1 John 1:9

As believers in Christ, we’ll never be outside of God’s forgiveness. 

Think about that for a minute…

There’s nothing we can do that God will not forgive us for—so long as we’ve trusted Jesus for our salvation.

That’s the key. Without Jesus, there is no forgiveness. 

Instead, there’s a great gulf between God and us because no one is able to completely keep all tenets of the law that God gave to His people. 

That’s the reason for Jesus. God the Father knew that man doesn’t have the ability to follow the law completely, keeping even the smallest detail without sinning. As we’re told in James 2:10:

For whoever keeps the whole law but fails in one point has become guilty of all of it.

It doesn’t matter if we tell a so-called “white lie,” or if we’ve killed someone, guilty is guilty. 

However, the good news is that Jesus’ death and resurrection puts us right with God. God, being eternally just and good, couldn’t go back on the law He created, so He sent Jesus to fulfill the law. 

Through His crucifixion and subsequent rise from the grave, Jesus became the first fruits of all of us who believe in Him. All we have to do is believe in the lordship of Jesus and that He died and rose from the grave to pay for our sins. 

It’s that simple. Our works won’t get us into Heaven. Instead, our faith does. 

So, going back to forgiveness…once we become followers of Jesus, we have God’s complete forgiveness no matter how badly we mess up. All we have to do is repent and confess our sins and we can be confident that we have God’s forgiveness.

How great is that!

So, if you haven’t trusted your eternal destiny to Jesus yet, that’s the first thing you need to do. Your life will never be the same afterward. Take a moment now to invite Jesus into your heart.

Then you can rest easy, knowing that there’s nothing standing between you and fellowship with God.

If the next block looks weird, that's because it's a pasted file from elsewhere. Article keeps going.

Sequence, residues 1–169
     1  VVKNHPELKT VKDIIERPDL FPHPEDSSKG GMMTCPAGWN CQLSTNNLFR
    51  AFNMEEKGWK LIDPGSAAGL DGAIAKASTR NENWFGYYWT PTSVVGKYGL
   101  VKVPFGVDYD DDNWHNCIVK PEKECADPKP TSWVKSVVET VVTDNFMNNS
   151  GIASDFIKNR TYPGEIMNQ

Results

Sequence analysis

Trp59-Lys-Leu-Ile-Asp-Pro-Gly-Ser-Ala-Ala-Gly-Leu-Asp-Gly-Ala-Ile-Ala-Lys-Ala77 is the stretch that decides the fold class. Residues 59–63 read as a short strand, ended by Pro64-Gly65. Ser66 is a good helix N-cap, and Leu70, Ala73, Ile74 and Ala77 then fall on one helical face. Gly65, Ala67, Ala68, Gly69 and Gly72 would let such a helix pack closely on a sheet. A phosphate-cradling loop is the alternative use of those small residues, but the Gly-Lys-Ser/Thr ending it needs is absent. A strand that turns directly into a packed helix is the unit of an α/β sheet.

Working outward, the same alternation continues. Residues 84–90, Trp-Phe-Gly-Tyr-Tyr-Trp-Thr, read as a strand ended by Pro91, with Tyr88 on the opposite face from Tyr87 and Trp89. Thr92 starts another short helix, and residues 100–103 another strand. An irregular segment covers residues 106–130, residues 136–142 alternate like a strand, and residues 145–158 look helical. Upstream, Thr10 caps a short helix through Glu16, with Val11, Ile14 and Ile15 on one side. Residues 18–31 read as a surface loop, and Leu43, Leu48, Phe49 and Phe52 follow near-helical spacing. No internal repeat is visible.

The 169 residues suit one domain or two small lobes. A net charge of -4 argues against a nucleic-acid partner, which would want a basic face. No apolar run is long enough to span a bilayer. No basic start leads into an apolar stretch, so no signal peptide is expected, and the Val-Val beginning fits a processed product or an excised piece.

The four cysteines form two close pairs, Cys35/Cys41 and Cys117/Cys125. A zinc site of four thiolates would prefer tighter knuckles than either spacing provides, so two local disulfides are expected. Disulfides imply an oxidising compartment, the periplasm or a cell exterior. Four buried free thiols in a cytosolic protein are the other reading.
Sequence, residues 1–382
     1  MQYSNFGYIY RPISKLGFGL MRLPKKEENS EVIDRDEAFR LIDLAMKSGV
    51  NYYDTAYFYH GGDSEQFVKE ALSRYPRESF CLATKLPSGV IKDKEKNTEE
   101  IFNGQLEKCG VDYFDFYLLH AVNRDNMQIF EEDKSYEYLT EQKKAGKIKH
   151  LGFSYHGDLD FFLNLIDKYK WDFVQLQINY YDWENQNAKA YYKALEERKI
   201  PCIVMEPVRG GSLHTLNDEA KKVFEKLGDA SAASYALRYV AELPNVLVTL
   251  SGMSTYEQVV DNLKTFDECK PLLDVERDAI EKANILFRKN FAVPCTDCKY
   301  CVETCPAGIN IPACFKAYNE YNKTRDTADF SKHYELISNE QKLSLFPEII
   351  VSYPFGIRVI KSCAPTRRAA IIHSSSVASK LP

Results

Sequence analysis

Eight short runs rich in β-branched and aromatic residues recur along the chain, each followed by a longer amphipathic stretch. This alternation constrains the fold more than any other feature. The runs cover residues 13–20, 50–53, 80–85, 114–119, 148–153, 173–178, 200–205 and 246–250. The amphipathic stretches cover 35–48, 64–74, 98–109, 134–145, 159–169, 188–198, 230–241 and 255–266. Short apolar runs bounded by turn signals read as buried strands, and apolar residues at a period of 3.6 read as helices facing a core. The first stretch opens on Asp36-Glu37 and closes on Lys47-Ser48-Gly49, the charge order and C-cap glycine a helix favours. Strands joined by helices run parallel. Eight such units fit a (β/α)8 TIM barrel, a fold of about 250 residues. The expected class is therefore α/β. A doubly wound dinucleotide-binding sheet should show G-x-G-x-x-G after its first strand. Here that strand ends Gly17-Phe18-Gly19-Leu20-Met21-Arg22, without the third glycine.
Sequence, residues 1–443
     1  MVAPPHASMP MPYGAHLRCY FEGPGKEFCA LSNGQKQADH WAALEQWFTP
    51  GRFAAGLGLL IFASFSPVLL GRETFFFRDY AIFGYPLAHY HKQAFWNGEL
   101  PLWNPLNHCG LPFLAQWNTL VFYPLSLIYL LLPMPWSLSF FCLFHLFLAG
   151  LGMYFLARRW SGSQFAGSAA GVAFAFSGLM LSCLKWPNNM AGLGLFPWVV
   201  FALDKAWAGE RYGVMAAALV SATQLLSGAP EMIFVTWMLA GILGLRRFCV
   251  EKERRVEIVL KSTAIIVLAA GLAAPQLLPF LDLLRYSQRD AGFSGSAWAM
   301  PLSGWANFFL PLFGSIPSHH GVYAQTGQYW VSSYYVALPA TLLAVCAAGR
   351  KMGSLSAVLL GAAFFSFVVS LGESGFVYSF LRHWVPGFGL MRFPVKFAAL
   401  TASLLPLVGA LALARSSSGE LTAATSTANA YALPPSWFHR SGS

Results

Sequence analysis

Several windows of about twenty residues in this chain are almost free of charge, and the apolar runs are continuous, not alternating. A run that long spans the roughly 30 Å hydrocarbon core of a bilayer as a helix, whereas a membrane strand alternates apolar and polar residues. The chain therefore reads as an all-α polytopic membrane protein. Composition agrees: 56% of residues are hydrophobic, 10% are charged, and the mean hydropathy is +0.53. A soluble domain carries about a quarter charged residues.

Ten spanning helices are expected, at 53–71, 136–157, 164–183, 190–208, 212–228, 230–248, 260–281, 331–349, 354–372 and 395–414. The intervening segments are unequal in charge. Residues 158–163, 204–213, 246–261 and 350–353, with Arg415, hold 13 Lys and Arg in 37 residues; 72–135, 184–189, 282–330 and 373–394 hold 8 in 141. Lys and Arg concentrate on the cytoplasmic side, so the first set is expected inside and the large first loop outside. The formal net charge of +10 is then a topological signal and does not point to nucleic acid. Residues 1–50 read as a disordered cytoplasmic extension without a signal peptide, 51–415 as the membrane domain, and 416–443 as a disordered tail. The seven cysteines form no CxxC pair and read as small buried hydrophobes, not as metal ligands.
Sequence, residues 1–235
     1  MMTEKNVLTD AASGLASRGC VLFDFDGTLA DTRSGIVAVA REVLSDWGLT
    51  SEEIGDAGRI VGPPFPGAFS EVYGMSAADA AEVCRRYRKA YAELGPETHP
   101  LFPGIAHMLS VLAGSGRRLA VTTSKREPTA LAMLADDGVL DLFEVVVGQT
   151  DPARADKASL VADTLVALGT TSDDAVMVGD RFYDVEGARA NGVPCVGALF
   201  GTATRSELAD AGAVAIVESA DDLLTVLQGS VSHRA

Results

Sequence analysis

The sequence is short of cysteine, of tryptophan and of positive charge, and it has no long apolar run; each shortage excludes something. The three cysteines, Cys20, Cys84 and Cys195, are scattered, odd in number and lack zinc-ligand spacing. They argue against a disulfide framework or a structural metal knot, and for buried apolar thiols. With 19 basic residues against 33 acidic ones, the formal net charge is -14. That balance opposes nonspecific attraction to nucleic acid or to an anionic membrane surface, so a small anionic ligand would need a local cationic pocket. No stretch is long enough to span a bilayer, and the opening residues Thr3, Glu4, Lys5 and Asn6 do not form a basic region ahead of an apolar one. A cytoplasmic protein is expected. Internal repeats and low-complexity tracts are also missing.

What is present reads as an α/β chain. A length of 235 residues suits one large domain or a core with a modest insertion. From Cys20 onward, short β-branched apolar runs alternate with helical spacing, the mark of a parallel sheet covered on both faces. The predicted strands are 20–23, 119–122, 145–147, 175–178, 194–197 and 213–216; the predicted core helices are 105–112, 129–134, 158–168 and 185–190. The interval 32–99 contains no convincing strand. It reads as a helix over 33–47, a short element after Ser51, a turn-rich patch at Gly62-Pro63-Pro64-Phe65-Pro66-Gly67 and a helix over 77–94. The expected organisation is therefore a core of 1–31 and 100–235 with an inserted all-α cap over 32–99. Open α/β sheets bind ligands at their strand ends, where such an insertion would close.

Of course, as followers of Christ, we should want to avoid sin. However, being human, we will invariably fall short. When we do, thanks to Jesus we can know with confidence that we have God’s forgiveness. 

That should give each of us peace of mind!

The Essence of the Gospel

OK, here’s your tough question for the day…

What is the true essence of the Gospel? What is it all about anyway?

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Perhaps the Good News is about forgiveness. If we have placed our faith in Christ, then we know that we have forgiveness for our sins. Romans 5:8 tells us, “But God demonstrates his own love for us in this: While we were still sinners, Christ died for us.” 

His death and resurrection atoned for our sin (a fancy way of saying that He paid the price for our sin).

Or, we could say that John 15:12 sums up the Gospel: “This is my commandment, that you love one another as I have loved you.”

Surely, if we don’t have love, then we don’t truly have the Spirit of Christ living in us. 

We are even told in Matthew 22:37-40 that “You shall love the Lord your God with all your heart and with all your soul and with all your mind. This is the great and first commandment. And a second is like it: You shall love your neighbor as yourself. On these two commandments depend all the Law and the Prophets.”

So, love is definitely a big part of the Gospel.

But so is salvation. We learn in Romans 10:9 that, “If you declare with your mouth, ‘Jesus is Lord,’ and believe in your heart that God raised him from the dead, you will be saved.”

We have to conclude, therefore, that the Gospel is about salvation.

However, that’s not all. In arguably one of the most famous and often-quoted verses in the Bible, we are told that, “For God so loved the world

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that he gave his one and only Son, that whoever believes in him shall not perish but have eternal life” (John 3:16).

Eternal life is a key part of the Good News for sure.

So, what then is the essence of the Gospel?

Simply put, it’s Jesus. He is the “pioneer and perfecter of faith,” as Hebrews 12:2 is rendered in the NIV. The NKJV calls him the “author and finisher of our faith.”

So, yes, the Gospel is about all those other things. However, it is undeniably, unmistakably about Jesus our Savior, the One sent by the Father to make us right in His eyes.

All we have to do is believe